How to Order Your Free COVID Tests From the Government

covid-19 at home test mail order

Verywell Health / Laura Porter

Key Takeaways

  • Families can now order free at-home COVID tests online.
  • There are other options to get tested beyond using an at-home test.
  • Getting vaccinated against COVID-19 is the best way to prevent severe illness and hospitalizations.

Americans can now order their third round of free at-home COVID tests from a government website called This time, each household will receive eight tests.

The free tests are part of President Biden’s continued response to the Omicron variant. In December, Biden promised 500 million free at-home rapid tests would be mailed out to Americans. But on January 13, he announced the administration would buy 500 million more tests, making that one billion tests in total.

Gigi Gronvall, PhD, a senior scholar at the Johns Hopkins Center for Health Security, said these tests serve as another option for families in addition to other COVID safety initiatives, like free tests distributed at schools and community health centers.

“I hope people remember a billion tests, adding manufactures, more testing sites, and giving tests to schools—all of these kinds of measures may not be perfect, but there should be a lot more tests freely available in the coming weeks,” Gronvall told Verywell.

Here’s everything we know so far about the tests and rollout.

How Do I Get My Test?

Americans can order free at-home COVID-19 tests online at People could originally only order up to four tests per household in order to preserve inventory. But in his State of the Union address on March 1, Biden announced Americans can order additional tests. So far, supply is higher than America's demand.

The administration also launched a phone number—1-800-232-0233—so those who do not have access to a computer or the internet can still place orders.

People ordering tests will have to enter their name and mailing address on the website and will have the option to share an email address to get updates on their order. No credit card information is needed.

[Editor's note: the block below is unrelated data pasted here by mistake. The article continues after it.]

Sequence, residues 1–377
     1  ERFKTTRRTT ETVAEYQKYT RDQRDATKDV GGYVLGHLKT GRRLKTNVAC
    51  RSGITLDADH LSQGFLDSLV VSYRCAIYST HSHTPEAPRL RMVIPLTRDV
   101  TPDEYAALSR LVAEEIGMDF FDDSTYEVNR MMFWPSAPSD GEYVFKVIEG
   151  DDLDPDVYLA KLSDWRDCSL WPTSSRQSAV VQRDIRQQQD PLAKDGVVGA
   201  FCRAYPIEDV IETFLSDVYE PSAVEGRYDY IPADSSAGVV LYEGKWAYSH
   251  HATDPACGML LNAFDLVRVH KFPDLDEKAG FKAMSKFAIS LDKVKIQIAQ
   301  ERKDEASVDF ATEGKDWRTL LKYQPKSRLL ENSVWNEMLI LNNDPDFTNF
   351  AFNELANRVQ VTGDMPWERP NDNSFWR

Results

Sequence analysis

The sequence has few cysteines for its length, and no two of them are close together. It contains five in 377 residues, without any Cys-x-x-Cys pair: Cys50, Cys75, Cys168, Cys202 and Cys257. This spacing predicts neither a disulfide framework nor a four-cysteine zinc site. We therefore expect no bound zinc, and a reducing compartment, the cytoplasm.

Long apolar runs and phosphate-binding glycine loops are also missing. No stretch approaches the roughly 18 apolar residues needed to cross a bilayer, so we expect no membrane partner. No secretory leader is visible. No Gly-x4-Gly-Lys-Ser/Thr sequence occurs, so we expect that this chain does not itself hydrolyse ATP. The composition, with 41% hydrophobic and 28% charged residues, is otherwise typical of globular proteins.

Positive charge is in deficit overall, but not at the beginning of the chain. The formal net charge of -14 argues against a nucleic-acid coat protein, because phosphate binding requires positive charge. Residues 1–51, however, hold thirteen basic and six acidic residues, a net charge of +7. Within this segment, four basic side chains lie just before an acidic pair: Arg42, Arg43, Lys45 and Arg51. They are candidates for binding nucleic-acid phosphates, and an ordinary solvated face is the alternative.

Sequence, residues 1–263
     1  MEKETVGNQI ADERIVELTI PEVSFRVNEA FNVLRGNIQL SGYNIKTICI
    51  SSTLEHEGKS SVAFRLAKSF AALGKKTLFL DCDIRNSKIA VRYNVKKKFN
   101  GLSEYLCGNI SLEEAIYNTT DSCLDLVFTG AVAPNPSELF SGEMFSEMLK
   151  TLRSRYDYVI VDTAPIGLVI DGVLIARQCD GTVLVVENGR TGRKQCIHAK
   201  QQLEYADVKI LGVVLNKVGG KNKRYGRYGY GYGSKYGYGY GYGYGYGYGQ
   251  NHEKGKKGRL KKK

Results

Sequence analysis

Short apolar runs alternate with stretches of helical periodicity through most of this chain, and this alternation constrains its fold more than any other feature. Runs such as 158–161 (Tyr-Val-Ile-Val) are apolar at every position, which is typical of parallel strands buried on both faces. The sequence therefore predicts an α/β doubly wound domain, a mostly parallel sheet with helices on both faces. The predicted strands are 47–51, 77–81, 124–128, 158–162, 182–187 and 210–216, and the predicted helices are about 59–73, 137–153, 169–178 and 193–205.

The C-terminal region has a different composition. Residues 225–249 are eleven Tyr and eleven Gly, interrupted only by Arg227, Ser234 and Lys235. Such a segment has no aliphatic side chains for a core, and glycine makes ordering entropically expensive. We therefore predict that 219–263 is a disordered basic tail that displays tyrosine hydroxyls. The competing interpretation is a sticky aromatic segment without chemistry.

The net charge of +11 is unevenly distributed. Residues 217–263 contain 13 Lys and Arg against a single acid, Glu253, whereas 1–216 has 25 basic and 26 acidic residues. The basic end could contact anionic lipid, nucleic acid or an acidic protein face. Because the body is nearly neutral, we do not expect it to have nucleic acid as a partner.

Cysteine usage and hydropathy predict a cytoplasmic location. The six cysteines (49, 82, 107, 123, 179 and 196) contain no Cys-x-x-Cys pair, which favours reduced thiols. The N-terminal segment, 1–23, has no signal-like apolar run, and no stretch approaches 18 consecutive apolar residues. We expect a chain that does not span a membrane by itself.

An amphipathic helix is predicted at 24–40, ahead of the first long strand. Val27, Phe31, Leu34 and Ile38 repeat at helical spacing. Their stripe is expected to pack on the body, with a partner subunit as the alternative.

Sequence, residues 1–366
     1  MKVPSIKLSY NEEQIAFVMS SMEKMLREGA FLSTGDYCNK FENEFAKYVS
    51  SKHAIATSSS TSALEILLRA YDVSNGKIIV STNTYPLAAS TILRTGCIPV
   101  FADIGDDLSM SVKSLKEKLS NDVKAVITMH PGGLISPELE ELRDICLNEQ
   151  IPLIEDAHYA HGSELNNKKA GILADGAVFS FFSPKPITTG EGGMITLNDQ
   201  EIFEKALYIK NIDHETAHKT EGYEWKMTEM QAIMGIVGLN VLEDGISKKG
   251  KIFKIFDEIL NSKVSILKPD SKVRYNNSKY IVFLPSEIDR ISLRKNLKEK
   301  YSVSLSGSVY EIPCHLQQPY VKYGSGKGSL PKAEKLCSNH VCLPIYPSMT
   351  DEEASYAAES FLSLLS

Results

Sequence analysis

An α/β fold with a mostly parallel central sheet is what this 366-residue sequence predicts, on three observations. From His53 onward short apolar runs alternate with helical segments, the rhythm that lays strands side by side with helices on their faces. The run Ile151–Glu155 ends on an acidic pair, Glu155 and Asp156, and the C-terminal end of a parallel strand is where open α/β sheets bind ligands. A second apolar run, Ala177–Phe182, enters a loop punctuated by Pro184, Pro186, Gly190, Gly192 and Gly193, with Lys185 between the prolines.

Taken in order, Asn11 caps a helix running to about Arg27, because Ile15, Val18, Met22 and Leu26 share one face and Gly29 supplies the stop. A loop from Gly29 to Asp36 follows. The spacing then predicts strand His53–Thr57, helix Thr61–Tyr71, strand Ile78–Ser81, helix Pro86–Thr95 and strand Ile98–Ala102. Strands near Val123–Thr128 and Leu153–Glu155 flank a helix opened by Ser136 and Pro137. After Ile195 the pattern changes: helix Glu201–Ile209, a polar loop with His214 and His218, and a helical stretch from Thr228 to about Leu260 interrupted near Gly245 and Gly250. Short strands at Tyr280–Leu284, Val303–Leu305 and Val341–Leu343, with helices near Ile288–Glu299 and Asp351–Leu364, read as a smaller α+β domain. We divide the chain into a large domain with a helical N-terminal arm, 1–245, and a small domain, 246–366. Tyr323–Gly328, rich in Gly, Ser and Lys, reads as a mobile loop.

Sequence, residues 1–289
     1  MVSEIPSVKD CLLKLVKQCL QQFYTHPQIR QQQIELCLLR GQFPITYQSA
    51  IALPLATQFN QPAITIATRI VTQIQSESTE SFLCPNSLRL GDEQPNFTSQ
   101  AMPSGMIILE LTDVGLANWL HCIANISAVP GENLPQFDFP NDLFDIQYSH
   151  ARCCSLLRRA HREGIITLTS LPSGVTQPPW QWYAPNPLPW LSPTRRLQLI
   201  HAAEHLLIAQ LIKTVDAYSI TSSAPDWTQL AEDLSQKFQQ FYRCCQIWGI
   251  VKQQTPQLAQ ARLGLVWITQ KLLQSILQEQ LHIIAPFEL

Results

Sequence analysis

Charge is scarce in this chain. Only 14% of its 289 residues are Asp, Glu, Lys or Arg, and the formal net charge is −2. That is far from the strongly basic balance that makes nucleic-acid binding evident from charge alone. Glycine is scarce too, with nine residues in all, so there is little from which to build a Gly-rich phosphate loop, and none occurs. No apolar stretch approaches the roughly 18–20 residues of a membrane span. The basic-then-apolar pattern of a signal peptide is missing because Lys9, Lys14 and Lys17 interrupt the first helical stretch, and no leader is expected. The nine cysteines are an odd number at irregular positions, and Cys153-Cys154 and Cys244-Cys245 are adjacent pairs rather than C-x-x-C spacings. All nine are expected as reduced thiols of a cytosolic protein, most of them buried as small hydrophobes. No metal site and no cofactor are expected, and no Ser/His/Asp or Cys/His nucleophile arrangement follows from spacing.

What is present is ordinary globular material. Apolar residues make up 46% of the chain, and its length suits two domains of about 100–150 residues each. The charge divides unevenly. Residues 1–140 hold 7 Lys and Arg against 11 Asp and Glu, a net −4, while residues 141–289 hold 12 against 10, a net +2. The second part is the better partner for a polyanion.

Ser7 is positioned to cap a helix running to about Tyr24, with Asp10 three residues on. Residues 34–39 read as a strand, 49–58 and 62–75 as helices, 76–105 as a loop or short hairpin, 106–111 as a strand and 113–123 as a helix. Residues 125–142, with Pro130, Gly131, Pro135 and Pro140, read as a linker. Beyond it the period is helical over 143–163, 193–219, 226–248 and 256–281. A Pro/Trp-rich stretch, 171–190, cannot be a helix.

Jeromie Ballreich, PhD, a health economist and assistant scientist at Johns Hopkins Bloomberg School of Public Health, said he expects a tremendous demand for these tests and warns about potential crashes as soon as the site launches.

“Unfortunately, I don’t think the government website will have much prioritization—there might be some identification for priorities, but one of the issues we don’t have is a top-down approach for identifying high-risk groups or directing resources to these high-risk groups,” Ballreich told Verywell.

Who Can Get the At-Home COVID-19 Tests? 

The COVID-19 at-home tests will be free for every household as stated by the White House.

The Centers for Disease Control and Prevention (CDC) recommends people use an at-home test if they experience COVID symptoms, if they’ve been exposed to someone with COVID-19, or ahead of an indoor gathering, regardless of symptoms or potential exposure.

What Will the Rollout Look Like and When Can I Expect My Test?

All at-home COVID-19 tests will be mailed directly to American households based on the address entered on the orders website. Tests will typically ship within 7–12 days after an order is placed online or over the phone. 

The administration is working with the United States Postal Service to package and deliver tests to Americans who placed an order. All shipments in the continental U.S. will be sent through First Class Package Service and shipments to Alaska, Hawaii, and the U.S. territories will be sent through Priority Mail.

But health policy experts state despite this intended timeline, there could be potential delays.

“[The administration is] working with the U.S. Post Office to make sure tests get delivered, but I don’t know if they will arrive on time,” Gronvall said. “We’re already seeing a kind of easing of the crunch on tests as more are becoming available—but availability will be very different from one state to the next.”

Nationwide staffing shortages, new variants like Omicron, and rising COVID case numbers will affect when Americans get at-home tests shipped to their door.

“I do expect this rollout using the US Postal Service to kind of be slow; I would not be surprised to see some delays,” Jeromie Ballreich, PhD, a health economist and assistant scientist at Johns Hopkins Bloomberg School of Public Health, told Verywell.

What If I’m Unhoused Or Don’t Have a Mailing Address? 

It’s still unclear from the Biden administration how people can get their hands on at-home COVID-19 tests if they are unhoused or experiencing homelessness.

However, Gronvall said, people who don’t have a mailing address should work with their local health department and community centers where free testing is most likely provided.

“It’s really important to partner with local public health departments and to work with those who are underserved. People who do not have a home may seek ways to get tested at the library or even schools,” Gronvall said. “For example, in Baltimore, the health department teamed up with the library to give out free tests—they were able to give out tests for hours.”

Ballreich noted that while the rapid at-home tests might not be available immediately for people who are unhoused, they could become available in the coming weeks.